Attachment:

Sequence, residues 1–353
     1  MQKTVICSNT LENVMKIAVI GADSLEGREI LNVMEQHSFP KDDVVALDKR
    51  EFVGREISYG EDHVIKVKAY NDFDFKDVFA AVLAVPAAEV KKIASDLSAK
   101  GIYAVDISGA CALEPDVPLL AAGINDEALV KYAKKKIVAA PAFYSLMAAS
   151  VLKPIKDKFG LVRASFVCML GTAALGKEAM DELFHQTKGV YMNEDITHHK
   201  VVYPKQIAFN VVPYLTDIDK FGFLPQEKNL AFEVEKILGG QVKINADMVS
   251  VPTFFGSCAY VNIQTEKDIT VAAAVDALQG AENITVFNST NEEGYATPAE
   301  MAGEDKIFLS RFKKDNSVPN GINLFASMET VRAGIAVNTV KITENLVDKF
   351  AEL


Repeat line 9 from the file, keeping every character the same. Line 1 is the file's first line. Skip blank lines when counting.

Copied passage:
   351  AEL